Friday, March 1, 2019



Whenever I read a book, I stick tabs on the pages with quotes I especially like. Normally, this equals 0-5 tabs per book, leaning more often towards 0. However, this book had so many tabs by the time I finished reading it, I may as well have stuck one post it note on the front that said: “almost every page” and saved some paper. By the end, I filled five typed pages full of quotes. These are mostly writing advice, but such valuable, well-articulated writing advice that I want the reminders when I’m writing and re-writing my own stories.

Some of my favorites include “Don’t mistake drama for melodrama,” “Revision is the other half of writing,” “Fictional characters differ from us mere mortals,” and prepositions are the “carbohydrates of writing.” And those are simply quotes I selected for their brevity.

I believe all writing advice can be subdivided into three categories: business, craft, and philosophy. Business explains the publishing industry. Craft focuses on the actual writing, the technical mechanics. And philosophy is closer to self-help or therapy for writers, dissecting the emotional turmoils and inner demons most every writer encounters. From my experience, most (well-known, popular) writing books focus on philosophy. This can be validating in a supportive way, but not necessarily helpful on the level of improving one’s writing. Morrell delivers one of the rarer specimens focused on craft. Then she further impresses with not a little but tons of actionable suggestions and insight. Much of what I read attempting to explain craft is too vague: write well. Morrell acknowledges that it is perhaps easier to pick apart what isn’t working than to provide a formula for what works, but I think she has that the right approach. By pinpointing and then addressing problems in a story, the writer can continue to improve its quality.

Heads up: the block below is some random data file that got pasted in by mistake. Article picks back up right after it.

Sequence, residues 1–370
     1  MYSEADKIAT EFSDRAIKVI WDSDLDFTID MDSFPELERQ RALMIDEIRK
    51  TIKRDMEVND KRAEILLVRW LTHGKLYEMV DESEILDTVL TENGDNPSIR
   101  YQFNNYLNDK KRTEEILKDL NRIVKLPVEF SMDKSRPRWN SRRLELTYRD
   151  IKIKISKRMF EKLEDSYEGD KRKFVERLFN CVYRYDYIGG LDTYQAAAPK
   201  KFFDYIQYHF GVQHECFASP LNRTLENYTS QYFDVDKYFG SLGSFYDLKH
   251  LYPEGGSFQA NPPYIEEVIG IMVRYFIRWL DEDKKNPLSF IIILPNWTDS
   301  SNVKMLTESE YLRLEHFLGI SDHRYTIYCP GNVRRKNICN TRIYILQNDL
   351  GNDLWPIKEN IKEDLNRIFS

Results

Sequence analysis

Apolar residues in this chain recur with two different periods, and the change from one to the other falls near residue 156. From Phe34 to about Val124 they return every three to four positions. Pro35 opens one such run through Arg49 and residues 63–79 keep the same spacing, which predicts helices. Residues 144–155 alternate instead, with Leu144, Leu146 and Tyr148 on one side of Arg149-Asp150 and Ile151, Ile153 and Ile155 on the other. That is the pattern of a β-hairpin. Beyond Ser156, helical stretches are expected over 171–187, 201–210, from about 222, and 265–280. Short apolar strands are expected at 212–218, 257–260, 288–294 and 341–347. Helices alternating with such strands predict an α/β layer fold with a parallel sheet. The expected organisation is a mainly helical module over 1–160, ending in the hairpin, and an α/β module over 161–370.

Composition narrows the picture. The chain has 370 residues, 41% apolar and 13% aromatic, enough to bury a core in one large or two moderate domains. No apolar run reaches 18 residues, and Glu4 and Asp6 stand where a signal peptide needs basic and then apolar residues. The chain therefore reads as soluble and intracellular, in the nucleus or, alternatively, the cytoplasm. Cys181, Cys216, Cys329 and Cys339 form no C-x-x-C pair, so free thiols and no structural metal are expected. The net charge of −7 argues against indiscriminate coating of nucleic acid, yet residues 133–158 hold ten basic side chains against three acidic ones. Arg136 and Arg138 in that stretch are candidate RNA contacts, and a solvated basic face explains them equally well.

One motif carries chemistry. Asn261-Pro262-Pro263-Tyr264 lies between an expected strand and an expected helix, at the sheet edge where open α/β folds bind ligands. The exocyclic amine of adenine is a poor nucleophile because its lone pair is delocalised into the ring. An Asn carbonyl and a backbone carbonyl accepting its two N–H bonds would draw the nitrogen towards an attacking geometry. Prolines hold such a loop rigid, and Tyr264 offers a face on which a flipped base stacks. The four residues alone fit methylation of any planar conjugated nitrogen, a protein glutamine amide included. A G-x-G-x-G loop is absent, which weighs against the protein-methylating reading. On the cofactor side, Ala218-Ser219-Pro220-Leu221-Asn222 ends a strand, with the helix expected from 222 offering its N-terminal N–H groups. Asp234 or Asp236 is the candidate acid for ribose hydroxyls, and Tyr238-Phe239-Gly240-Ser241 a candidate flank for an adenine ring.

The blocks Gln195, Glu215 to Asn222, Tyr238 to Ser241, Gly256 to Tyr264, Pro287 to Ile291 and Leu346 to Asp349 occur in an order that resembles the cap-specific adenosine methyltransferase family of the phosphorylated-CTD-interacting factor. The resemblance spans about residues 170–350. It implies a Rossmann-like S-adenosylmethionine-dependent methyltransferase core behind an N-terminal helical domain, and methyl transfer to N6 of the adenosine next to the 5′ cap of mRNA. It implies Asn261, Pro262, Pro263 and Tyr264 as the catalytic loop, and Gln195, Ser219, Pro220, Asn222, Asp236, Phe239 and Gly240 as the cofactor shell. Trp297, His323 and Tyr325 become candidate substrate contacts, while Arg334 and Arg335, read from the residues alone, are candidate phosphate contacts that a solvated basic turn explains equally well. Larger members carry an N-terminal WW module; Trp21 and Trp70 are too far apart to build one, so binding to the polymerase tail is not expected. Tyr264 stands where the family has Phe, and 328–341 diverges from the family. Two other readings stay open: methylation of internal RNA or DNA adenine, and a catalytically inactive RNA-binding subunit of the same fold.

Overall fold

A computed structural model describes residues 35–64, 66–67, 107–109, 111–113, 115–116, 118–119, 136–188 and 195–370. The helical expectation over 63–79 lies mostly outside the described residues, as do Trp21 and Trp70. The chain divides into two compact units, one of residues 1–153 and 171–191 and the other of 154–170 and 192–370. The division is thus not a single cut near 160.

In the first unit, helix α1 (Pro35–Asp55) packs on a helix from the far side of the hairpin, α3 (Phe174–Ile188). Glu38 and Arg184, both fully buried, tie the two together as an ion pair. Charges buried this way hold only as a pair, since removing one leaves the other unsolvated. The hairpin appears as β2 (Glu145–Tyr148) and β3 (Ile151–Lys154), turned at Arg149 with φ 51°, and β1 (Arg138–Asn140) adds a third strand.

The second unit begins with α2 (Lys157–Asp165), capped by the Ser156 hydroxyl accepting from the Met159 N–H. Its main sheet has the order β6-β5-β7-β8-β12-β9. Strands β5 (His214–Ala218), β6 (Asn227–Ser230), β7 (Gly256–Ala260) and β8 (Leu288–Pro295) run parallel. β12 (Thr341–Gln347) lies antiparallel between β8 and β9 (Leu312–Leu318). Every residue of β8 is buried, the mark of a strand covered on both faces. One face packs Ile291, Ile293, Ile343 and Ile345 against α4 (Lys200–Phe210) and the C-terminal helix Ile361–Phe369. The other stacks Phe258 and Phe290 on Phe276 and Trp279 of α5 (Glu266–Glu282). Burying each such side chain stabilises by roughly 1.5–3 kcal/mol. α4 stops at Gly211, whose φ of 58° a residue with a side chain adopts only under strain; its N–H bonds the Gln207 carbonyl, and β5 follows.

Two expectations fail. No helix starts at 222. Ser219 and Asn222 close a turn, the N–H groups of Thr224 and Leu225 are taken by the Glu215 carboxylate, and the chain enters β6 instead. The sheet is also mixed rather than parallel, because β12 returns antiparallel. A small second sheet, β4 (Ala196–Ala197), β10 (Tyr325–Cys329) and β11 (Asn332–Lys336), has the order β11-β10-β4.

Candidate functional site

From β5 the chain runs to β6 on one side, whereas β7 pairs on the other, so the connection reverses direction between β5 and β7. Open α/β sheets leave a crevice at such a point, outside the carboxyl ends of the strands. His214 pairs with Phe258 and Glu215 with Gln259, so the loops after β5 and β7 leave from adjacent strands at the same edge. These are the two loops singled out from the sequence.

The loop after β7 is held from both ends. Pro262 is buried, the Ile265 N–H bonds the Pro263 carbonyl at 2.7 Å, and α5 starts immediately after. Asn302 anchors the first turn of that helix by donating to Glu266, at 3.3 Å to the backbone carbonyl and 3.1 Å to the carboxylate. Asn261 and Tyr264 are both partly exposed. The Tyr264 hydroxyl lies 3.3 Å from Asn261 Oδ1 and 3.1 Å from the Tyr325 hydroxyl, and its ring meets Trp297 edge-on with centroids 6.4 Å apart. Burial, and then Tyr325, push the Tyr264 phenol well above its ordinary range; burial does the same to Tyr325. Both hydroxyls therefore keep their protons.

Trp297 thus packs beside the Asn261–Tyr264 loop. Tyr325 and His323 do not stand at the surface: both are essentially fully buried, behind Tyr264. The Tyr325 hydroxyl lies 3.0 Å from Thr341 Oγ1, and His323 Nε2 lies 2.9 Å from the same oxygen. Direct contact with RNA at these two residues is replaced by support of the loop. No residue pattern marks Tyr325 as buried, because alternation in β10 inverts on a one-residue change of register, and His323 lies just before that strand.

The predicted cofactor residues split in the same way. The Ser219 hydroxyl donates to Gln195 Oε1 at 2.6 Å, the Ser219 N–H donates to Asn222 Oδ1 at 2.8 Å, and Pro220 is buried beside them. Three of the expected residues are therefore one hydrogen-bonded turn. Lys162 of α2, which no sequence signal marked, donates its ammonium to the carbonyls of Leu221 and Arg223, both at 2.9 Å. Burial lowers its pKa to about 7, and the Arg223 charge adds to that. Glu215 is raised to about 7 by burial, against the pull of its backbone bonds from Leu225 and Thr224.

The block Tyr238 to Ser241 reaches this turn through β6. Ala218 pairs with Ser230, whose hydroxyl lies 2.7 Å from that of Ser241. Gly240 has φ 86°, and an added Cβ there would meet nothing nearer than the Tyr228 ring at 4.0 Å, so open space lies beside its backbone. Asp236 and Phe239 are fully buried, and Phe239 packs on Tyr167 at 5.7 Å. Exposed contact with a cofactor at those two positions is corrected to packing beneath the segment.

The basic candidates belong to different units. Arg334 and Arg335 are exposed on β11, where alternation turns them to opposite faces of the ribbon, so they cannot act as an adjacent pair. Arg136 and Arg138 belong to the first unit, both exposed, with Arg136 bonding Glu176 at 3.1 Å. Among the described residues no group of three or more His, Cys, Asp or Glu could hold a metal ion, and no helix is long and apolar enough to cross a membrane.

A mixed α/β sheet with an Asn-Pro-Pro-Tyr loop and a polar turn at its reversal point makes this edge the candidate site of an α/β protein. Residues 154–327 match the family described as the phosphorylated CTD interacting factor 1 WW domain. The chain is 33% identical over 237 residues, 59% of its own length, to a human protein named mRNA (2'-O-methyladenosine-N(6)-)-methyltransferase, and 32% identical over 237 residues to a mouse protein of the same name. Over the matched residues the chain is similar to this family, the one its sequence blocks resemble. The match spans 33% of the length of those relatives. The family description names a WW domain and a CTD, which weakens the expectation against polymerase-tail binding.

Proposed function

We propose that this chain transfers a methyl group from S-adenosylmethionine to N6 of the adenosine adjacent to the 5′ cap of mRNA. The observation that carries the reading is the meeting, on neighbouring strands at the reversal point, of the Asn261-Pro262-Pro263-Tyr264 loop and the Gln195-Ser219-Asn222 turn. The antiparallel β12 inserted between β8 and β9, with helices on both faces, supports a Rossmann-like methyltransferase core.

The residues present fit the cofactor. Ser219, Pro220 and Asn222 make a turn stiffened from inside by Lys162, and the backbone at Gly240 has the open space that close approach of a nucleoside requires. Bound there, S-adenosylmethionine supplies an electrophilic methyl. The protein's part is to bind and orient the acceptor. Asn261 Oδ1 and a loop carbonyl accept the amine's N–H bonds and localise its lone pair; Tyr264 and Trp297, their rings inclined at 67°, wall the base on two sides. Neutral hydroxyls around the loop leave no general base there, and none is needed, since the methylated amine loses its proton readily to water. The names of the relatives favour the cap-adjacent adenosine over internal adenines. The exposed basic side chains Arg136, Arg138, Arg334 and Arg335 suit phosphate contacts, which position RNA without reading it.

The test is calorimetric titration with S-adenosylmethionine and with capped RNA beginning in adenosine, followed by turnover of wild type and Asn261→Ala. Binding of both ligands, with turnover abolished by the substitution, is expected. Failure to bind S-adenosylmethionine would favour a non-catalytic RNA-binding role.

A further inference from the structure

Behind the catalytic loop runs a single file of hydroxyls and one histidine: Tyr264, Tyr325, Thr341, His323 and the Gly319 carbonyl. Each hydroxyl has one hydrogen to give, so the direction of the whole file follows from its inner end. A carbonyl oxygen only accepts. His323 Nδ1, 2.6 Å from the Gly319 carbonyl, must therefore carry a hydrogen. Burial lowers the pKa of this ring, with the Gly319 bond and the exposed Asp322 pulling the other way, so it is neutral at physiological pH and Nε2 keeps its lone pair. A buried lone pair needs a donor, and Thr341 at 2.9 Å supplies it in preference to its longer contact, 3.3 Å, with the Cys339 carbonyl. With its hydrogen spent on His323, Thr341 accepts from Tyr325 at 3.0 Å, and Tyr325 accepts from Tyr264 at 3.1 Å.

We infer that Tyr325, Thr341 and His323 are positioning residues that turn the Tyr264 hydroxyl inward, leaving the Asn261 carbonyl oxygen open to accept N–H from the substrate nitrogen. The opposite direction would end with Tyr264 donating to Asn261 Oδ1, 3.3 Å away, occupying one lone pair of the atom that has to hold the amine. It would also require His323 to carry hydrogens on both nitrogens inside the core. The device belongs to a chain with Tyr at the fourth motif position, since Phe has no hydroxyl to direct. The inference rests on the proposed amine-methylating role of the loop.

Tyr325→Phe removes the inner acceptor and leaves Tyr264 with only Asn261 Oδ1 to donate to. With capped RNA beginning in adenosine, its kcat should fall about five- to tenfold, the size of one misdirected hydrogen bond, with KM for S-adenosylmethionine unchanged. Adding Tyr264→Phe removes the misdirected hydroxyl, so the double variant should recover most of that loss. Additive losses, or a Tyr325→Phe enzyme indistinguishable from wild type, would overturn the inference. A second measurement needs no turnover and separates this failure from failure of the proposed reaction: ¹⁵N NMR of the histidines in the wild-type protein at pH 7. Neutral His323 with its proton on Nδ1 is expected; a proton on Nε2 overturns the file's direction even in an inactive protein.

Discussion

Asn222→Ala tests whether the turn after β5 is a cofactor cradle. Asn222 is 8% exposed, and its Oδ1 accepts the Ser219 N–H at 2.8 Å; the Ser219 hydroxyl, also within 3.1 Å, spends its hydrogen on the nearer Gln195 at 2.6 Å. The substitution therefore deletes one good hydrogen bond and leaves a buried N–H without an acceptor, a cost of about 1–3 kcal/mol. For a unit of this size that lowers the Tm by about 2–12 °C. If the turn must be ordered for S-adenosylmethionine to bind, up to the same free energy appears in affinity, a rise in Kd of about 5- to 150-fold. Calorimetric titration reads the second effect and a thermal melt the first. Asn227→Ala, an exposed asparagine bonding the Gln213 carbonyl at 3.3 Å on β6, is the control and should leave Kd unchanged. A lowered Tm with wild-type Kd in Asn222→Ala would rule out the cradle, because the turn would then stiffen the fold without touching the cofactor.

Morrell provides so much clear, actionable insight that I almost feel I owe her a consulting fee much greater than the cost of this one book. Every chapter ends with a section on what she calls “deal breakers.” In other words, the most common mistakes she sees in relation to whatever aspect of writing that chapter addressed. As if that weren’t enough, she also includes several immensely helpful lists of revision questions. By answering all these questions for your current story, it’s easy to narrow in on the weak points that could use more work. I also made note of her wimps versus heroes list for assessing your protagonist as well as her advice for book openings.

THANKS is easily the best book on the craft of writing that I have read. All of us readers are capable of discussing, in vague terms, what makes a good book, but Morrell actually breaks stories down into their specific components, shows how each works, and how they fit together. She not only provides invaluable advice for assessing your own work, but she’s not stingy with that advice either. A lot of craft writing books have mostly “filler” in my opinion and boiled down perhaps a page or two of actionable suggestions. Every page of THANKS is exceptionally helpful.

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